Monday, January 05, 2009
In Search of J G Farrell
When driving around the wilds of West Cork it’s always good to have a mission so on Friday last I decided to find J G Farrell’s house and the spot nearby where he was swept to his death while fishing. I’m armed with an ordnance survey map and Lavinia Greacen’s biography. The route from Schull involves driving up the east side of Dunmanus Bay and driving down the west side – a journey well worth taking without any ulterior motive. We pass through Durrus at the apex of the bay and head down to Ahakista (site of Ken Thompson’s impressive memorial to the Air India 747 crash) and onwards through Kilcrohane. I then let Farrell’s directions to visitors to guide me: “ Three miles past Kilcrohane on the road from Durrus, turn right at green shop, over brow of hill, right at a T junction, the fork left at cattle pen and first house on the right (You can tell it by the weeds.) “. Remarkably these directions written in 1979 are still good – the shop is brown-grey not green but everything else fits, and the house is still surrounded by weeds and bushes. Instead of Dunmanus Bay we are now looking out on Bantry Bay. It’s very isolated – I can see only one other house in the distance. The spot appears on no maps and there are no helpful signposts around. Without our book I don’t think we would have found it.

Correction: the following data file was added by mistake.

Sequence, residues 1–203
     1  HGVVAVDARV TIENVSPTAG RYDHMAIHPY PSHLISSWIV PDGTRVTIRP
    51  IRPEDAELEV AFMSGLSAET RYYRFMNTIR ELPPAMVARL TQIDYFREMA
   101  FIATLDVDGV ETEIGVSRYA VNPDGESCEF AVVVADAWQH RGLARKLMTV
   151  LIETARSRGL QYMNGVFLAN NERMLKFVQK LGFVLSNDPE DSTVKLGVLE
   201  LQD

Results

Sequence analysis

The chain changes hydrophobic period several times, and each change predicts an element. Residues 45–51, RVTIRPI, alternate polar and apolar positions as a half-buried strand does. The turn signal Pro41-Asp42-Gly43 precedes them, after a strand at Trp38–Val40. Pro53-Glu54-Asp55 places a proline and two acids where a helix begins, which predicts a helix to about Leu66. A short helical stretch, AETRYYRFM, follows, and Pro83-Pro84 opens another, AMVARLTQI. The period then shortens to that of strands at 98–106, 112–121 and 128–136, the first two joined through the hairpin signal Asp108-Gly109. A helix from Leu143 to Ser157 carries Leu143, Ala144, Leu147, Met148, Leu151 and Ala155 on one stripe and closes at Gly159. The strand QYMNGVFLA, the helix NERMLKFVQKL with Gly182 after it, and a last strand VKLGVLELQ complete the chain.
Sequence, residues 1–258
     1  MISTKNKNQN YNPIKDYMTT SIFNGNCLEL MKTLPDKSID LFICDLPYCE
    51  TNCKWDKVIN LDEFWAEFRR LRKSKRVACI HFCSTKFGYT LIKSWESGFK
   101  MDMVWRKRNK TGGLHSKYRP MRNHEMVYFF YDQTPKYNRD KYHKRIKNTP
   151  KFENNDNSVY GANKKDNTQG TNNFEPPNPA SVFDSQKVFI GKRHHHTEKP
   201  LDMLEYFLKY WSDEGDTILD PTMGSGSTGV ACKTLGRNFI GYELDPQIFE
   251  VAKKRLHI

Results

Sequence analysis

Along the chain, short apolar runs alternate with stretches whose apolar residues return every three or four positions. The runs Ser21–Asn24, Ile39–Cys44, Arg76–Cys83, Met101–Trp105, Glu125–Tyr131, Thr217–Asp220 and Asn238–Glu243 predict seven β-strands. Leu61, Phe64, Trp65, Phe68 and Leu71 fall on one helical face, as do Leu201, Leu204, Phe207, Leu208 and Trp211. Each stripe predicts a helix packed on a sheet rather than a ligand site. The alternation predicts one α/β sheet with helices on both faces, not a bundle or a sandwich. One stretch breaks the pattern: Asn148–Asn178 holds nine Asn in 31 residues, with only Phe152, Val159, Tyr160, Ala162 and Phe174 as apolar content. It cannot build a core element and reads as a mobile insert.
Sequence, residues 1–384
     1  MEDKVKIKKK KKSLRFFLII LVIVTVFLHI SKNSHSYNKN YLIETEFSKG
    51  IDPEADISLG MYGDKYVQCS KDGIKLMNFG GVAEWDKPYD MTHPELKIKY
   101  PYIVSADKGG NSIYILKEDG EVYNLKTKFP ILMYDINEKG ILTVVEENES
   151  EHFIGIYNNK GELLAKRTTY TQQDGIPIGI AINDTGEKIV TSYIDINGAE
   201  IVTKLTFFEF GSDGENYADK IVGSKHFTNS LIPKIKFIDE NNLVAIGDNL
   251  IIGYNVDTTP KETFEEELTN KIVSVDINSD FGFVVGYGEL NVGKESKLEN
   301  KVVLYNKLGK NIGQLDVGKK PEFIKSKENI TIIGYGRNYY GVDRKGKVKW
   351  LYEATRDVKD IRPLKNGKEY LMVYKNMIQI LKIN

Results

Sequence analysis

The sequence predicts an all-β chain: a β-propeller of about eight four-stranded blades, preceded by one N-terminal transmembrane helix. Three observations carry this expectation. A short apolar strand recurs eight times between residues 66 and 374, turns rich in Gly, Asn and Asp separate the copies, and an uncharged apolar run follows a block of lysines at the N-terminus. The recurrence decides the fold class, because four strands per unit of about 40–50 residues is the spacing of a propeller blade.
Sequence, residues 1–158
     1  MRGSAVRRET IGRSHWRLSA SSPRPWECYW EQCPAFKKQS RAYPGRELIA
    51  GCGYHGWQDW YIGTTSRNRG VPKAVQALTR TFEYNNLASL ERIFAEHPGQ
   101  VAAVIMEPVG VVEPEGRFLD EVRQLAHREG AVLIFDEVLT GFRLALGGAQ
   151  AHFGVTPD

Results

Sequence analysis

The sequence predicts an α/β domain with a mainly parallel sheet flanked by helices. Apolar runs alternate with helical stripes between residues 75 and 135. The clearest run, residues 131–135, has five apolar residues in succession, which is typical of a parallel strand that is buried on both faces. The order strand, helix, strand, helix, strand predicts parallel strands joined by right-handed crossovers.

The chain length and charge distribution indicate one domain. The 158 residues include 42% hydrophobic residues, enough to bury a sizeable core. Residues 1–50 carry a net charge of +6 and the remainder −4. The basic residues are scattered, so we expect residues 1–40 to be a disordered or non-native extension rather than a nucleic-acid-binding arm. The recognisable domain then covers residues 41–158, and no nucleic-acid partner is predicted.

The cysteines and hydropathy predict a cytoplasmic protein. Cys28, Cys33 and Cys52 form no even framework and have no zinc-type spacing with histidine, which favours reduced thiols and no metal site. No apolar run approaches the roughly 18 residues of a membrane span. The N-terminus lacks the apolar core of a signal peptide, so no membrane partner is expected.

We park nearby and arouse the attention of a pair of collies. The owner comes out to check and we get talking. He’s an ex-trawler hand from Zurich but looks more like an old West Cork hippie – long blonde-grey hair tied in a streaming pony tail. He told us that he moved into the house a year after Farrell’s death and offered the opinion that Farrell liked a party because the garden was festooned with bottles of every shape and hue. Farrell bought the house with his Booker Prize money and used it as a writing retreat. Our old sailor said that his neighbours had various theories about Farrell’s death (assassination, suicide etc.) but he favoured (as I do) the simple one that he slipped and was dragged under.
The little cove where he drowned is about 300 metres down a muddy lane through rocky fields suitable only for sheep. It’s a bleak spot on a grey day. A small plaque on a rock gives the bare facts. Farrell was a very interesting man, rugby player, Oxford smart arse, labourer in the Arctic, polio victim (the experience that turned him into a writer), womaniser, solitary soul, and highly disciplined writer. He died tragically young at 44 but he left behind three of the best historical novels of the past century: The Siege of Krishnapur, Troubles, and The Singapore Grip.